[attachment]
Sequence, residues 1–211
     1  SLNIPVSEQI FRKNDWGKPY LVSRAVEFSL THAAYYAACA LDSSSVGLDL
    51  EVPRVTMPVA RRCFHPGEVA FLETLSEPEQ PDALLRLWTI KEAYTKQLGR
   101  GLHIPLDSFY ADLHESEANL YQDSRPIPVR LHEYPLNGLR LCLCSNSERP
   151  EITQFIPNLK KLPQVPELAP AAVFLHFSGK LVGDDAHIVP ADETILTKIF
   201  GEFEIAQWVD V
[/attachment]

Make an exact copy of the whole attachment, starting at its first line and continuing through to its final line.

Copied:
Sequence, residues 1–211
     1  SLNIPVSEQI FRKNDWGKPY LVSRAVEFSL THAAYYAACA LDSSSVGLDL
    51  EVPRVTMPVA RRCFHPGEVA FLETLSEPEQ PDALLRLWTI KEAYTKQLGR
   101  GLHIPLDSFY ADLHESEANL YQDSRPIPVR LHEYPLNGLR LCLCSNSERP
   151  EITQFIPNLK KLPQVPELAP AAVFLHFSGK LVGDDAHIVP ADETILTKIF
   201  GEFEIAQWVD V